Michael W. Higgins is the Basilian Distinguished Fellow of Contemporary Catholic Thought at the University of Toronto’s St. Michael’s College and a senior fellow of Massey College.
During the month of October, hundreds of Catholics gathered in Rome for the Synod on Synodality, an ecclesial event of great consequence for the Roman Catholic Church and, arguably, for humanity itself.
Unlike previous synods, this one had many controversial innovations. It was a process rather than a content-driven event, and the composition of the synod membership no longer consisted exclusively of bishops, as laity and clergy were also included – most importantly, the non-bishops had equal voting rights. Rather than the typically tiered hierarchical arrangement, there were round tables where all were seen and heard as equals. These changes were not earth-shattering in and of themselves, but cumulatively, it was an ecclesiastical earthquake.
For more than two years, the Catholic world prepared for this synod with vast consultations – local, diocesan, national and continental – surveying Catholic opinion on a wide range of pastoral, moral and doctrinal issues. Catholics were asked what they want of their church. They were asked how the church can be faithful to its Gospel roots. In short, how it can renew and reform.
This was more than a polling exercise; it was a genuine exercise in collective discernment.
As one would expect, many of the issues that surfaced dealt with thorny issues that have never been comprehensively addressed: women in sacramental ministry; LGBTQ struggles for acceptance and benediction; the scourge of clericalism. At the same time, as Pope Francis made clear on several occasions, the synod is not a closed shop, a self-referential conflab for the tribe. To that end, the synod responded to global issues such as the invasion of Ukraine, the horrors of the Israel-Gaza conflict, the unstemmed migration of multitudes fleeing disaster at home, the ravages of climate change, the festering wounds of racism.
Because of the massive scope of the gathering’s agenda, Pope Francis conceived of the synod in two phases that would take place a year apart. The first phase was more a four-week sustained spiritual retreat concentrating on the process of becoming a synodal church, a process dependent on building an environment of trust, generous sharing and profound deep respect. In other words, an environment of deep listening.
During a recent dinner in Rome with Michael Czerny, the Czech-Canadian Jesuit Cardinal and Prefect of the Dicastery for Promoting Integral Human Development, he reminded me there was a Canadian connection to this approach. John English and John Veltri, two Jesuit spiritual directors at the Loyola Retreat House in Guelph, Ont., were known for their emphasis on listening and spiritual encounter. At Loyola, this type of spiritual listening goes beyond hearing and polite attention – it is a conversation based on profound respect for the participants.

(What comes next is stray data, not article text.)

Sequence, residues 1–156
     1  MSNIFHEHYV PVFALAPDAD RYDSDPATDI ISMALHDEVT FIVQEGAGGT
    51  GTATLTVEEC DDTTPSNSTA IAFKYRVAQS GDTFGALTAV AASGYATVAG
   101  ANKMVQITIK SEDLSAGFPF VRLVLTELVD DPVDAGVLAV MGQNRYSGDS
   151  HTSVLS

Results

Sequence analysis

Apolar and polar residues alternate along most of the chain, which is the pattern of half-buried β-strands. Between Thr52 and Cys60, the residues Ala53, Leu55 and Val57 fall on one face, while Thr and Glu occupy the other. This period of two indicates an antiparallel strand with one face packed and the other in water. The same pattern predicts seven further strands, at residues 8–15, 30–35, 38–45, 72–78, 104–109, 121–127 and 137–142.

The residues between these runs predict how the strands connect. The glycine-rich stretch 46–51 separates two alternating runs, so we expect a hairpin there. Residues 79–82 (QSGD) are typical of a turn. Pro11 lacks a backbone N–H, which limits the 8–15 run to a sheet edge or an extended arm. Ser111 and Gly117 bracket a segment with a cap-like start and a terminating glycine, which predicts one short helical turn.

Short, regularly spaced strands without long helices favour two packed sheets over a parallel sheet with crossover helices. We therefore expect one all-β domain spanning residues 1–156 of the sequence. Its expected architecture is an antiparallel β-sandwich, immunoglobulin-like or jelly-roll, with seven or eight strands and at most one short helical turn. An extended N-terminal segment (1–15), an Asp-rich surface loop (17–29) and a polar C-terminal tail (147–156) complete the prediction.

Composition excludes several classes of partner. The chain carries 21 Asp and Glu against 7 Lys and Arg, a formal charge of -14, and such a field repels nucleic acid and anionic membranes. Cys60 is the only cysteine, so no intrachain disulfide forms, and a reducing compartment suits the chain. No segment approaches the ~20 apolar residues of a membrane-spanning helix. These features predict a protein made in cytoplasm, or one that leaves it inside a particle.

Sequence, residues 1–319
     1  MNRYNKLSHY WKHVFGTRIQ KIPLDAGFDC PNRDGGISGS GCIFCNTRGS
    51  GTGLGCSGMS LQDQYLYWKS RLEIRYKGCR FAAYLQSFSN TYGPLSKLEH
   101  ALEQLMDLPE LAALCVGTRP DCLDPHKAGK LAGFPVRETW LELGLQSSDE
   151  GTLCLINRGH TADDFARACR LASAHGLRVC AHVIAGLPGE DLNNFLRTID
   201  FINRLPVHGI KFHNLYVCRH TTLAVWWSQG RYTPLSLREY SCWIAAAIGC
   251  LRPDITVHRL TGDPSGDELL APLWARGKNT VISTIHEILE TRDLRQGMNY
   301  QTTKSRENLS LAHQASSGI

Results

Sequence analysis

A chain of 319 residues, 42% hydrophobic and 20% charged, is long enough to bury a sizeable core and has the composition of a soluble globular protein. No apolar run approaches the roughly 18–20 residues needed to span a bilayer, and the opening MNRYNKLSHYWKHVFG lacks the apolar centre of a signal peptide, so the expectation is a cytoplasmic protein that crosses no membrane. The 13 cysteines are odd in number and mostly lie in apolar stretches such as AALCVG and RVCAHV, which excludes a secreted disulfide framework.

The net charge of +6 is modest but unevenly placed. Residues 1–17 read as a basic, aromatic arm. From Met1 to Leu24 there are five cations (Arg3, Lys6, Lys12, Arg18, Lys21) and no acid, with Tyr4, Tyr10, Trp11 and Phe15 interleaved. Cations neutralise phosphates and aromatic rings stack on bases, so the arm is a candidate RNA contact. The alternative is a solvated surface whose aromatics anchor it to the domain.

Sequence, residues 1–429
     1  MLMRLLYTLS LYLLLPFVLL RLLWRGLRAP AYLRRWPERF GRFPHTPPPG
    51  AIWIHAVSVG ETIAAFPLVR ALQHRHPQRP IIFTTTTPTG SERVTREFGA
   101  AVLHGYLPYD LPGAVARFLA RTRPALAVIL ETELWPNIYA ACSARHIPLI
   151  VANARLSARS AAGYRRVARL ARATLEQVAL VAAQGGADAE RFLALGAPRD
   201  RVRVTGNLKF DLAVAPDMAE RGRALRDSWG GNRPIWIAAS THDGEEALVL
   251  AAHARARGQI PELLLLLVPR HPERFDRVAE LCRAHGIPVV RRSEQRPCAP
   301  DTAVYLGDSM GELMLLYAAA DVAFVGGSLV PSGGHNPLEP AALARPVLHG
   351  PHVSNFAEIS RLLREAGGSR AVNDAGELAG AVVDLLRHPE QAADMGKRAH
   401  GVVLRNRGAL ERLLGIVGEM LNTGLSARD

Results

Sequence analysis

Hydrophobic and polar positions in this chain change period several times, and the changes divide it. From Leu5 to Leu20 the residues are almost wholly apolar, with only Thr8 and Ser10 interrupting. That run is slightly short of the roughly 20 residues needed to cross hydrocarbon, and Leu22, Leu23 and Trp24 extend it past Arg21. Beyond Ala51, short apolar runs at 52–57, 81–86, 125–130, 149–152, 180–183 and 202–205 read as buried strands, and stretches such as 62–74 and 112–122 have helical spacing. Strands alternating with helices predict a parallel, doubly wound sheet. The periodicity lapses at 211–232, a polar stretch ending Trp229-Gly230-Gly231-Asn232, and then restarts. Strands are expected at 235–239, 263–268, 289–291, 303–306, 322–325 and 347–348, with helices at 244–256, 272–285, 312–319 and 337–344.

A leitmotif of fretful traditionalist Catholics, however, has been “the Rhine flows into the Tiber.” This expression signals their fear of a ruinous infiltration of the church by modern-day German Catholic revolutionaries hell-bent on its makeover á la the Reformation of the 16th century.
During one of the press briefings, Bishop Franz-Josef Overbeck spoke frankly about the much bolder and confrontational German synod held prior to the universal synod in Rome. He spoke of the “unending disaster” he and other German bishops faced with the catastrophic consequences of clerical sex abuse and the hemorrhaging of church membership.
The conservative Catholics had some ground to worry about Germany’s Rhine but none from Guelph’s Speed River. This synod was not about resolving contentious issues. It was about constructing a spiritual atmosphere in which listening sets the groundwork for healing. It is Stage 1. Stage 2 is next year and beyond. The end of Stage 1 presages the real beginning of a synodal church.
But that doesn’t mean that the hot-button issues were sidelined. They were raised in the circuli minores or small discussion groups, because in canvassing Catholic opinion worldwide, such issues surfaced repeatedly.
In addition, various groups such as Canada’s Concerned Lay Catholics participated in complementary mini-synods throughout Rome with the express intention of highlighting specific issues around human rights, biblical anthropology and sexual diversity.
Still, the synod’s focus on process, discernment and listening was much more than a spiritual getaway for the delegates. It was a modelling for the larger church and the world.
Cardinal Christoph Schönborn of Vienna observed that a distinguished political scientist had told him that if the synodal method was adopted by the UN Security Council, it would shatter ideological stalemates through deep listening, a shattering that would benefit all of humanity.
In this, maybe a bit of the Royal City (Guelph) did make it to the Eternal City (Rome).